[ By WebUrbanist in Design & Graphics & Branding. ]
There is something simply elegant about type-embossed metal – in part the association with classic high-end manual cameras. This logo series takes that typology and applies it to a series of contemporary companies.
Antrepo was inspired by brands like Canon, Nikon, Pentax and Minolta, greatly impressed by how simple (effectively logo-free) lettering made a bold and compelling statement in each case.
From the firm: “Canon AE-1, Nikon FTn, Ashai Pentax ESII, Minolta XG-1 – these cameras are some of the Japanese 35mm SLR cameras from the vintage ’70s and ’80s, the “Made in Japan” era, when Japan set the global standard of producing quality.”
In these remakes (featuring Facebook, Twitter, Instagram, Pinterest, Google, YouTube and more) some of the typographic styles and logo figures are still present, but in every case there is something breath-taking about the simplification to a monochrome, black-on-steel look. Not to mention: this also follows the existing apparent trend toward re-simplifying logos throughout online industries.
As manic as LTE adoption has been in the US, it could be triggering a full-fledged generational rift in Japan. NTT is cutting prices for fiber-to-the-home internet access by as much as 34 percent in the midst of falling landline subscriptions, and Australia’s Delimiter hears from unofficial sources at the provider that the cuts may be in response to youth being enamored with 4G on their phones. The tipsters believe that many of the younger set are picking one expensive LTE plan, even with data caps, instead of paying for two services; a price drop would be an attempt to keep at least a few of these wireless rebels onboard. Take the assertions with a grain of salt when there’s no official statements to match, but there’s no doubt that 4G demand is booming when NTT’s own DoCoMo just landed its 7 millionth Xi contract. We only wish American wired and wireless carriers would be so accommodating of our temptation to cut the cord.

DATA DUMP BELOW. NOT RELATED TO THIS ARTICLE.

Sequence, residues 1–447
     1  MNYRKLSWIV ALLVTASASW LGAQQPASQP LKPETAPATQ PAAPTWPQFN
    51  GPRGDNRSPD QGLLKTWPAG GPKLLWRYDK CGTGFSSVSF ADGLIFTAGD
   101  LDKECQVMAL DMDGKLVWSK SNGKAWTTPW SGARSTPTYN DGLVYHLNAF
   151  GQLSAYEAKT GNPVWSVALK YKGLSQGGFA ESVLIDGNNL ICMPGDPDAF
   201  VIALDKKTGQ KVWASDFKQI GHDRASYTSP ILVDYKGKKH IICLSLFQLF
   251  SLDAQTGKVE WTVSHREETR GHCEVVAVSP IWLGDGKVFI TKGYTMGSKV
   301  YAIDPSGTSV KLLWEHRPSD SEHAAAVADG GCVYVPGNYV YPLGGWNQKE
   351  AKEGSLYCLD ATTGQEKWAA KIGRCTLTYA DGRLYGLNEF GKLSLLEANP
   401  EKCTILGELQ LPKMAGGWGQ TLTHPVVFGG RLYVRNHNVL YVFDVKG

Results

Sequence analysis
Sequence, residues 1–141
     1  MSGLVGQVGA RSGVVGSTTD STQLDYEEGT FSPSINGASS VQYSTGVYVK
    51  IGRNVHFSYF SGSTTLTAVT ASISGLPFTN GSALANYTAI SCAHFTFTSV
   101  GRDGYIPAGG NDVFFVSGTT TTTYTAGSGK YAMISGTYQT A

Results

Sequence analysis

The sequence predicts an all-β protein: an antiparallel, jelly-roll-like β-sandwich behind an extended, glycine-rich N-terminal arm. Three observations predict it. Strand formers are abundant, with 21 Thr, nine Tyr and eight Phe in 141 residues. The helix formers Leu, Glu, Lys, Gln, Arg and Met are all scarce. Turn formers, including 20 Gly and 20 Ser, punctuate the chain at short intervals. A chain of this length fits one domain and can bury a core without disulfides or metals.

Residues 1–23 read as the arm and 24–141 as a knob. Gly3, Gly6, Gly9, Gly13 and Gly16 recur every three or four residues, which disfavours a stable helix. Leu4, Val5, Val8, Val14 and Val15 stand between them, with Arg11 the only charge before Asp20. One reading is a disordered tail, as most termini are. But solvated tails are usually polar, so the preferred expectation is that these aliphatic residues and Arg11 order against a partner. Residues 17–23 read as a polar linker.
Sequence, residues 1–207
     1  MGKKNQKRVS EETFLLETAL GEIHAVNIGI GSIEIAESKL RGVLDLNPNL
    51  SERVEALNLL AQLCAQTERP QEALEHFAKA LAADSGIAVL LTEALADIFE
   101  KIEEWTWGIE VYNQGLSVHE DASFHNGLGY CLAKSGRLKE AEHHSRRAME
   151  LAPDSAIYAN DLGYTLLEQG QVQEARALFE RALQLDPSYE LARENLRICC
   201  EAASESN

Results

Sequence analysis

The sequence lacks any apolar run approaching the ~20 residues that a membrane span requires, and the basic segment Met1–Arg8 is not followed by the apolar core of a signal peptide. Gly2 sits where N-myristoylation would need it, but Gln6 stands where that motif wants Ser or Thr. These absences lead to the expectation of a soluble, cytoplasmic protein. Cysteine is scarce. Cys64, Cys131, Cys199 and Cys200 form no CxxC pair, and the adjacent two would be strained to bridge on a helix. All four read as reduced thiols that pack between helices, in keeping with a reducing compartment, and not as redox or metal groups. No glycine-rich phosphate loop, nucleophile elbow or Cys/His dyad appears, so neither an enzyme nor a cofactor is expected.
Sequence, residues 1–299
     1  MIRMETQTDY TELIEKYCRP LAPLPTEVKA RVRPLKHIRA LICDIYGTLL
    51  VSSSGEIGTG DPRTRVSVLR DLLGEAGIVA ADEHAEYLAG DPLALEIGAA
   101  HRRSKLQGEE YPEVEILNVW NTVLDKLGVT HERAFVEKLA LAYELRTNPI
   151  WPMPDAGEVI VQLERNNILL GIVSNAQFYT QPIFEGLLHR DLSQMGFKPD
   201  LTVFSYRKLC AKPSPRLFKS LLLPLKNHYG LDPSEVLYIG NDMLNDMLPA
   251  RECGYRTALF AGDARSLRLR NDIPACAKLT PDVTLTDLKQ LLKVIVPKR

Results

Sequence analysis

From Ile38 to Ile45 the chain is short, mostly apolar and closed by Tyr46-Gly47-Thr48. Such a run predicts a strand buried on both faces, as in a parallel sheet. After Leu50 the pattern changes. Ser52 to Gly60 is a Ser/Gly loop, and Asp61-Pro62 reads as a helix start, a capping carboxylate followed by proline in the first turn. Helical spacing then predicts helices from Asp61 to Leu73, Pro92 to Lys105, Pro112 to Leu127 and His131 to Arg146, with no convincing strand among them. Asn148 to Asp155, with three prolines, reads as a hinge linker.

Filed under: Cellphones, Wireless, Networking, Internet, Mobile
Source: NTT West (translated), Delimiter
ICANN anticipated that we’d see the first fruits of its open season on top-level domains (TLDs) roughly a year after the hunt began; sure enough, it’s winding down applications tonight. If you have the $185,000 plus $25,000 per year to make a domain your own, you’ve got until midnight GMT (7PM ET) to get that custom spin on the web. Don’t think that you’ll get the rubber stamp right away, though. ICANN plans to detail the requests on June 13th and consider any objections over similarity or multiple bids for the same name. If all goes smoothly, the first generic TLDs will be active within nine months, while those who face a fight could be waiting roughly one to two years. We’re just hoping someone had the courtesy to pick up .gadget for us — not that ICANN’s worried about a gap in registrations after taking $352 million in fees and over 2,000 applications so far.
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